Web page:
Crowder College keeps drug-free stance in midst of MO’s legalization of medical marijuana

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NEOSHO, Mo.–Medical marijuana laws have recently changed in the state of Missouri–it’s now legal. But, that hasn’t changed on the federal level–which is why Crowder College isn’t changing their policy.

“The fact we are awarded federal funds would make it difficult for us right now to say we would accept it,” Crowder VP of Student Affairs Tiffany Slinkard explained. “At this point, we have to say we would not allow the use of medical marijuana on campus.”

That’s because of the Drug-Free Schools and Communities Act. It’s a federal law giving institutions federal financial assistance if the school establishes drug and alcohol abuse prevention programs.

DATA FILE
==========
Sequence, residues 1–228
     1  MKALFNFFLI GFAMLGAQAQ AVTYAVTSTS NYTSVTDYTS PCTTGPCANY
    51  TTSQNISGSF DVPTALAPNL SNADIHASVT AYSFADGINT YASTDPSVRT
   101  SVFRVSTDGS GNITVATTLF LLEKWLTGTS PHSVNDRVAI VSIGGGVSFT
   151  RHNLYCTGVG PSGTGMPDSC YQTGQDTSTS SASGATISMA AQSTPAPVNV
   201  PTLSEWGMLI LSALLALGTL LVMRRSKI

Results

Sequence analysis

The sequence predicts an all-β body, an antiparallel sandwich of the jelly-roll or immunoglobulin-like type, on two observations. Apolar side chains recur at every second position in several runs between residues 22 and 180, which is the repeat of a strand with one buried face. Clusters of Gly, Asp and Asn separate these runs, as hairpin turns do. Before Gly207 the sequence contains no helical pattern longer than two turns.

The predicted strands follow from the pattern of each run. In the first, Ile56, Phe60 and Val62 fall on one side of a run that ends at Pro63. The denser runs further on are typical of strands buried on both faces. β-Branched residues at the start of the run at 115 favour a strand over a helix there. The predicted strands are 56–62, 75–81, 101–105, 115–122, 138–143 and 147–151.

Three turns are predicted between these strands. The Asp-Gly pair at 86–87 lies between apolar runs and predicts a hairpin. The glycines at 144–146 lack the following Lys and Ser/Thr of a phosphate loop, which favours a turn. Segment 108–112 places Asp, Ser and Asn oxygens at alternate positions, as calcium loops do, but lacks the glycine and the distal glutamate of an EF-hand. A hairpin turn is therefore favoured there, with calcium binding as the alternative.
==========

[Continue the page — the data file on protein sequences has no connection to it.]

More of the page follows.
“We could be told that we can’t give away federal financial aid if we allow marijuana,” Slinkard added.

So, just because medical marijuana is now legal in the state of Missouri doesn’t mean it’s legal on Crowder’s campus.

“It’s obviously new for us in Missouri and at this point I don’t think we are able to create a policy.”

Students are not allowed to use it on campus, in resident halls, and facilities. Crowder College has been following the law since it was established in 1989.

“If a student or an adult had medical marijuana legal prescription to take the drug, we have the right in Missouri to do so–it just doesn’t mean they have the right to the medical marijuana on campus.”

If a student possesses marijuana for non-legal purposes, the student will be disciplined as well.

“We are bound by federal law because we have federal funds awarded to us, and we are in Missouri and there are Missouri laws that apply to our citizens into our students. It’s important we study both and we make wise decisions, make wise policies that work best for our campus community.”

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